Is there chronic brain damage in retired NFL players? Neurology, neuropsychology, and neurology examinations of 45 retired players
Casson IR., Viano DC., Haacke EM.,Kou Z., LeStrange DG. Sports Health 2014;ahead of print.
Take Home Message: Neuropsychological impairments were found in some players; however, the majority of retired NFL players had no clinical signs of chronic brain damage. Some retired players had lesions found on brain imaging tests and these were associated with the number of previous concussions.
Evidence of neuropathology in the brains of deceased football players has led to widespread concern for retired players. Survey studies have suggested that depression and cognitive problems occur in retired NFL players; however, there is not much information reported on the neurological, neuropsychological, and neuroradiological examination of living, retired NFL players. Therefore, the authors performed clinical neurological, neuropsychological, and neuroroadiological examinations on 45 living, retired NFL players (on average 46 years of age, 31kg/m2 BMI, 6.8 years of playing experience, and 34 reported 3+ previous concussions). Participants’ histories focused on neurological and depression symptoms, exposure to football on-field time, and other factors that could affect the brain function. A neurological examination followed, which consisted of Mini-Mental State Evaluation, Beck Depression Inventory, and Patient Health Questionnaire. The neuropsychological portion of the study included a pen and paper exam created by 5 neuropsychologists and an ImPACT exam. Neuroradiological analyses consisted of magnetic resonance imaging (MRI) utilizing susceptibility weighted imaging and diffusion tensor imaging. Finally, the examination concluded with a blood draw for APOE genotyping and blood chemistry analysis. Up to nine retired players had moderate to severe depression depending on which criteria the authors used. Depression scores were not associated with football exposure. The neuropsychology examination demonstrated that none of the players had dementia; however, 24% had some memory impairment. Susceptibility weighted imaging MRI correlated with family history of neurological disease, and number of “dings” (un-diagnosed concussions) at all football levels (high school through professional). Four retired players had microbleeds (detected using the susceptibility weighted imaging MRI) and these may be associated with number of dings in football career. Seventeen retired players carried at least one copy of the APOE E4 allele (the allele that has been associated with onset of Alzheimer’s due to head impact). Diffusion tensor imaging detected that there was lower fiber density, myelination, and axonal diameter with participants carrying the APOE E4 allele. Additionally, being “dinged,” while playing contact sports other than football and previous concussions were also associated with APOE E4 allele.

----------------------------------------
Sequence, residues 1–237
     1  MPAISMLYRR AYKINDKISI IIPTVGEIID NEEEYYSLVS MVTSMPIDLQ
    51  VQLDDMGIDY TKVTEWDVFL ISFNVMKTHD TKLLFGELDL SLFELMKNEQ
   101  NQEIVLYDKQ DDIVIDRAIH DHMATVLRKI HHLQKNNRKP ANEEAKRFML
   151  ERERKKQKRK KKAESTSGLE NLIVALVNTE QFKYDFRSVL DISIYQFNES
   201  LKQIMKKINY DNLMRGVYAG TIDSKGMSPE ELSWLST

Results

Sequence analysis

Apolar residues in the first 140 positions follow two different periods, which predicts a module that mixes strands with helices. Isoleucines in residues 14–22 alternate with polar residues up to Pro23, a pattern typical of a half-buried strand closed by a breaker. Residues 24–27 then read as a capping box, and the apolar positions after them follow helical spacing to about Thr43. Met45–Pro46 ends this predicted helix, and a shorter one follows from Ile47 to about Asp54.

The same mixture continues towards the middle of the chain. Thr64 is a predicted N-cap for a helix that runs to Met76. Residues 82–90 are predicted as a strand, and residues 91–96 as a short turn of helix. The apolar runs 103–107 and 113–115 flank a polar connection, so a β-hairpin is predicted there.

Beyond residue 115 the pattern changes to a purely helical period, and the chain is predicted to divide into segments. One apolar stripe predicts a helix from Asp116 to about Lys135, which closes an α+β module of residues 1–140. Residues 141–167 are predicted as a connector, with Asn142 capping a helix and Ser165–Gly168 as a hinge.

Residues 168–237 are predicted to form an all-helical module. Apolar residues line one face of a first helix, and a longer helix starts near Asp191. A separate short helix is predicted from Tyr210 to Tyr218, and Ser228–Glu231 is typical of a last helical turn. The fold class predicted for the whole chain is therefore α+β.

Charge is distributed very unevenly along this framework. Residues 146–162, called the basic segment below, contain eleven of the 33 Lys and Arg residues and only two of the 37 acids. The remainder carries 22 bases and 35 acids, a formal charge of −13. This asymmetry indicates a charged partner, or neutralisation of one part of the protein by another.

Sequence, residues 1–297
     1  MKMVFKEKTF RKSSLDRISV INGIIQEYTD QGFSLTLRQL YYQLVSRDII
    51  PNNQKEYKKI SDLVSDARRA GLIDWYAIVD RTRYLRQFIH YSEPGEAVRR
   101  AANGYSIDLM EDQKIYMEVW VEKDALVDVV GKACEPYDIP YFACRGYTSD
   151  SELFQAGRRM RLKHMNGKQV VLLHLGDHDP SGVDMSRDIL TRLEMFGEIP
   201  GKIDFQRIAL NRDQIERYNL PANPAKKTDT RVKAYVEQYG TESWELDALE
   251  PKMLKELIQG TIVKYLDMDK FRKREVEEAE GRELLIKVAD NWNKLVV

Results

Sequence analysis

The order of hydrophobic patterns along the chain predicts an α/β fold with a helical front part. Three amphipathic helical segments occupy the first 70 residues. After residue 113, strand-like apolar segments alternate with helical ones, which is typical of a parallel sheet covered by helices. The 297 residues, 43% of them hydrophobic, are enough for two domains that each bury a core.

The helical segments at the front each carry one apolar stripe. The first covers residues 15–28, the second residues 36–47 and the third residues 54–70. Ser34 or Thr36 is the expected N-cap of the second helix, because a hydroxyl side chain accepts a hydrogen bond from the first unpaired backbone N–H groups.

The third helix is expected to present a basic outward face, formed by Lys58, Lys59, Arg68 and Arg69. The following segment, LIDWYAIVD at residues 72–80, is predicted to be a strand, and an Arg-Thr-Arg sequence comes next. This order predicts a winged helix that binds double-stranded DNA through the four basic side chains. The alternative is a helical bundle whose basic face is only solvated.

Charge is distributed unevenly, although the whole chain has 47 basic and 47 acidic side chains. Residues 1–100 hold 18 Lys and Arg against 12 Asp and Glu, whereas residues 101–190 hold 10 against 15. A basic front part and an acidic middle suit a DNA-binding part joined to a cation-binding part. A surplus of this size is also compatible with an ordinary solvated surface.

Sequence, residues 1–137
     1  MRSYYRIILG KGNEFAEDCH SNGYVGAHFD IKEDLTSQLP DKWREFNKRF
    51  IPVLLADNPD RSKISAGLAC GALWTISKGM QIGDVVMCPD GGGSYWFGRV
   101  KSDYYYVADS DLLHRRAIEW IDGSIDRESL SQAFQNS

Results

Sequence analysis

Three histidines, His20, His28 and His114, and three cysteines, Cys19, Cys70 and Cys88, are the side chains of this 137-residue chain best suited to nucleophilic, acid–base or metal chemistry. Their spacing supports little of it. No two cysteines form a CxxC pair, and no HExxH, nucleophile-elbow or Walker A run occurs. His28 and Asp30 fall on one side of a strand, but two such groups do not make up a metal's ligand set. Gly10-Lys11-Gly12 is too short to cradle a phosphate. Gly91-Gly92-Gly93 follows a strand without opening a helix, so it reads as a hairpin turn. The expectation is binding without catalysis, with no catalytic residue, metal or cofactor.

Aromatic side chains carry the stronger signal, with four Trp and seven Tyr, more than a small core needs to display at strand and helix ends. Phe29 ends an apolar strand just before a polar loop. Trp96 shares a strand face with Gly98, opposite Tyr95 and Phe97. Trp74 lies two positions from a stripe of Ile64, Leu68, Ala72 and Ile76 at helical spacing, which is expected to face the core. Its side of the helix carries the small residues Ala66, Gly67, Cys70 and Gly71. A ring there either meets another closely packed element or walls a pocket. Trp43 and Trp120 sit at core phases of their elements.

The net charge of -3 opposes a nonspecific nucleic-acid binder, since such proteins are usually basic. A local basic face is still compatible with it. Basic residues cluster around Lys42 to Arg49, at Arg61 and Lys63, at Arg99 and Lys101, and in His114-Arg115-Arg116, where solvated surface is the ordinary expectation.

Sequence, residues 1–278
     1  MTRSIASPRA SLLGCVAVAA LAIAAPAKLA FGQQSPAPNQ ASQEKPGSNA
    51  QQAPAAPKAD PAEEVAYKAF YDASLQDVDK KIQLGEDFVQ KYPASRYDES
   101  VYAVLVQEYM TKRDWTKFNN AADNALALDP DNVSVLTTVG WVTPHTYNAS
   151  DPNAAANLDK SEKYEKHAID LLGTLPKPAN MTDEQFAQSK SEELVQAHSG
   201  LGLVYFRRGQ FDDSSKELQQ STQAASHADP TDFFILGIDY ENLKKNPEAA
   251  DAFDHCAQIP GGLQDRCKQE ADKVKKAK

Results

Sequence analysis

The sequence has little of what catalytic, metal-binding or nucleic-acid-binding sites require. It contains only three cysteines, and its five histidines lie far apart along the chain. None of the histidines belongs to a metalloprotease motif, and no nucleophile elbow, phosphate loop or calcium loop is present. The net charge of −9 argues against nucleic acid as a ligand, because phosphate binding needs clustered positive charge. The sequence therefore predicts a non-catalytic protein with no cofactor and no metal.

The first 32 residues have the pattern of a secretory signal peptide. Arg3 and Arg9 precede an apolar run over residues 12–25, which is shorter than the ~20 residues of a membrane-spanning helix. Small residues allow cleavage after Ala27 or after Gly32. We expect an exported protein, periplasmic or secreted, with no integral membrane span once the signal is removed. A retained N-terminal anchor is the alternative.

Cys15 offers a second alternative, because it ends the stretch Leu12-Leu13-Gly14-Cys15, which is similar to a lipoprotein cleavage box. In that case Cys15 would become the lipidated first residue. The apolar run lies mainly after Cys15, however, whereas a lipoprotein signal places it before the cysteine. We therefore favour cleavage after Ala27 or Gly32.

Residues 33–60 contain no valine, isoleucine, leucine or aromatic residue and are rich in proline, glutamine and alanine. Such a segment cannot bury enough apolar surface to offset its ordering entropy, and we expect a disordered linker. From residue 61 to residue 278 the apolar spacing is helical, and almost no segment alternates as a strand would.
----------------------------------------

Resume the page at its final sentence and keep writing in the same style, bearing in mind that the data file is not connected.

This is an interesting study because it is one of the first studies that performed a thorough clinical evaluation of retired, living NFL players. It is encouraging to see that the percentage of participants that demonstrated moderate to severe depression was in line with the general public (~15-20%). Though, there were no diagnosed cases of dementia, 24% of retired players showed some memory impairments and there were abnormalities seen with imaging techniques. Abnormal imaging were associated with higher number of football concussions no matter what level of play, which suggests that there needs to be more conservative management of football players with previous concussion history. Finally, 34% of the participants carried the APOE E4 allele, which is higher than the general population (~24%). This is important because this genetic variation is associated with the onset of Alzheimer’s. While many have been quick to criticize football because of the risk for long-term neurocognitive impairment. This study reminds us that many football players may have normal long-term neurocognitive health. Much like with the risk of sudden cardiac death in sports we need to strive to identify better ways of recognize which athletes may be susceptible to neurocognitive impairments (for example, testing for APOE E4 genetic variations). Alternatively, we can adopt the approach that we are using to protect long-term joint health by exploring new injury prevention programs but with a concussion focus.
Questions for Discussion: Should sports medicine clinicians provide care for retired athletes? How often should retired athletes, like NFL players, receive examinations? Should extra care only be given to NFL athletes with documented concussions?
Written by: Jane McDevitt, PhD
Reviewed by: Jeff Driban